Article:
So far Fortinbras appeared in flesh but once. The second and last time he appears comes at the end of the play shortly after Hamlet achieves his revenge and dies. Also, he does not appear till the whole royal family is dead on the ground. He is mentioned before he appears. Shortly before Hamlet takes his last breath of life, he tells Horatio that he expects Fortinbras to win the election and to be the new king of Denmark. Hamlet tells Horatio that he support Fortinbras as a king and that he has got Hamlet’s vote as he dies. Finally, Hamlet tells Horatio to tell and inform Fortinbras of that which happened from the beginning till the end leading to this scene of bloodbath.
Then, shortly after Hamlet’s death, Fortinbras enters. Fortinbras begins to inquire about the bloody sight which he sees before him. Horatio begins to explain what happened in details to Fortinbras after his request for the proper burial of Hamlet. Fortinbras asks Horatio to hear the matter right away and he invites all the noblemen to attend. Fortinbras expresses his sadness at what happened. He calls it fortune mixed with sorrow. He says: “For me, with sorrow I embrace my fortune.” He then declares his right to rule the kingdom.
Fortinbras, then, orders four captains to carry Hamlet like a soldier onto the stage. He states that Hamlet would have been a great king if he had had a chance. He continues stating that military music and military rites will speak for Hamlet’s heroic qualities. He then orders his soldiers to pick up the corpses commenting that a bloody sight like this suits a battlefield, but here at court it shows that much went wrong. Finally, he orders his soldiers to go outside and tell the other soldiers to fire their guns in honor of Hamlet.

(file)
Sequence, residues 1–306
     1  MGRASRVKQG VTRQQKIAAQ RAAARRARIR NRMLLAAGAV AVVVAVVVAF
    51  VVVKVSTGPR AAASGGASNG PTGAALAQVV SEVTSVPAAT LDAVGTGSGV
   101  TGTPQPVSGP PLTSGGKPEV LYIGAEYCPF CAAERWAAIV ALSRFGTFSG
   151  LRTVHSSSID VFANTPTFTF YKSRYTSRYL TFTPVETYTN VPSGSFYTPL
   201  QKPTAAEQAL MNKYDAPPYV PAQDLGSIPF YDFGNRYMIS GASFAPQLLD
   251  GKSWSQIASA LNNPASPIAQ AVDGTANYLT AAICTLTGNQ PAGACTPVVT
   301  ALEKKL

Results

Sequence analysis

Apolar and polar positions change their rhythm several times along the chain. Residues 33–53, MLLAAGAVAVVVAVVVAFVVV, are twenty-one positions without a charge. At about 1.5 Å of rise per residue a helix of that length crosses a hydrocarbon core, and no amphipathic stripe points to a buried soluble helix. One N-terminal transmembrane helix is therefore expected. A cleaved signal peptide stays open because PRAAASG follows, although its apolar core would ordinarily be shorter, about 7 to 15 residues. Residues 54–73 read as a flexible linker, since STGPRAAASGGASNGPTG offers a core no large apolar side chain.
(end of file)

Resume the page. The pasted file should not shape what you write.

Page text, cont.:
By doing so, he is not only a fair man but also this is an early sign of his being a good, proper king for the kingdom. Hamlet has been the son of the man who killed his own father and seized his lands, still he felt sorry for Hamlet as both a good-hearted man and prince who was deprived of his right to the throne. He praises Hamlet as a man who would have been a great king if he was given a chance. In this way, Fortinbras proves to be a man of honesty, honour and justice.
We could establish a comparison and contrast between Hamlet and Fortinbras. Both the fathers of Hamlet and Fortinbras were killed, though the first on his brother’s hand and the latter in a battlefield on the hands of the first. Both Norway and Denmark are ruled by Fortinbras’ and Hamlet’s uncles. Both Hamlet and Fortinbras want to avenge the killing of their fathers. The major difference and contrast between the two is that Hamlet has been determined, consistent, rational, and persistent and driven by reason in his revenge.
On the other hand, Fortinbras is rash, and blinded by revenge. He sought to fight a war against a well-established kingdom such as Denmark on his own. Also, once he was discovered and arrested by his uncle, he gave up on his revenge and was made to swear an oath before the king not to ever attack Denmark again. Hamlet is all the time focusing on his goal no matter how much time it takes to achieve his goal. Hamlet was expected to be killed in many occasions; still, he managed to survive and to achieve his revenge despite his uncle’s repeated plots to kill him and despite being a man fighting a king with all power and authorities behind him. When faced with a similar decision, Fortinbras simply avenges his father and moves on, without any of the soul-searching such as that which plagues Hamlet. In this way, we could say that Fortinbras has been a foil character to Hamlet.
Still, both Hamlet and Fortinbras achieve their goals at the end thanks to Hamlet’s persistence and determination. Thanks to Hamlet, not only is the murderer killed but also the country has been delivered to a good-hearted, noble king such as Fortinbras.